Beds, Herts & Bucks

Stewartby incinerator plan approved by Parliament

Artist's impression of the planned incinerator at Rookery Pit
Image caption The planned incinerator at Rookery Pit will convert approximately 585,000 tonnes into electricity

A plan for an energy-from-waste incinerator on former industrial land in Bedfordshire has been given the go ahead by parliament.

Covanta's development at Rookery Pit, near Stewartby had been approved by the planning commission in October 2011.

Councillors objected and a special parliamentary committee heard their concerns on Thursday.

It voted by a majority of four to two to throw out their case, but will discuss an amendment on Wednesday.

Covanta Energy's proposal for the former brick clay extraction pit is to build a facility which will be capable of converting approximately 585,000 tonnes of household and business waste into 65MW of electricity per year.

The plan was initially approved by the Infrastructure Planning Commission but both Central Bedfordshire Council and Bedford Borough Council objected to the proposal.

It became subject to special parliamentary procedure because the project involved the compulsory purchase of council-owned land.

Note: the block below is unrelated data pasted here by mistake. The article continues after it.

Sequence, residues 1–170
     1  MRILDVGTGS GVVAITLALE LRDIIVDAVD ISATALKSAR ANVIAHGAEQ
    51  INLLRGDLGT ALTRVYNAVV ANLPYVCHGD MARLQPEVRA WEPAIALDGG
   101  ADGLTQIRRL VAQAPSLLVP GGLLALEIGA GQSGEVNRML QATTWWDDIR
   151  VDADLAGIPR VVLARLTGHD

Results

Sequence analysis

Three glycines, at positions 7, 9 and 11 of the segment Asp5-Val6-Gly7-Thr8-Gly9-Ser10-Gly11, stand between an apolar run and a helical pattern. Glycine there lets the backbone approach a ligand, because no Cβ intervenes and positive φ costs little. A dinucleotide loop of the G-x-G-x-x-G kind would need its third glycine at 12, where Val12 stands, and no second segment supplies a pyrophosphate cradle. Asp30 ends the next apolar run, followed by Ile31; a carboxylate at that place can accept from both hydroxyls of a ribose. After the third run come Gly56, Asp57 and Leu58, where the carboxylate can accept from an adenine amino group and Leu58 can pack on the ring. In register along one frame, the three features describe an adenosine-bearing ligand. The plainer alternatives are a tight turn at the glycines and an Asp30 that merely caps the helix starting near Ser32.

'No case'

The councils jointly presented their objections, through petitions, to a joint committee of the two Houses of Parliament.

After hearing the evidence, the committee ruled there was no case to answer in respect of any of the petitions except in relation to the councils' requests for an amendment.

This relates to Covanta contributing to the proposed Bedford-Milton Keynes Waterway where its course runs through the site, by constructing a drainpipe under Green Lane in Stewartby.

Councillor Nigel Young from Central Bedfordshire Council said it was "very disappointed" with the result, but added it was "absolutely right" to have challenged "all aspects of the plan at the highest possible level".

"We have consistently maintained that the impacts of the scheme on the environment, local communities and the road network outweigh the benefits," he said.

"We continue to firmly believe that this is not a sustainable development.

"We will work now to fight for the amendment."

Malcolm Chilton from Covanta Energy said he was "very pleased" with the committee's support for the project and would be happy to contribute more to the development of the future Milton Keynes to Bedford Waterway.

"We look forward to the conclusion of the process and to being able to move forward with the massive inward investment that the project will bring to the economy," he said.

The parliamentary committee will discuss the proposed amendment on Wednesday.

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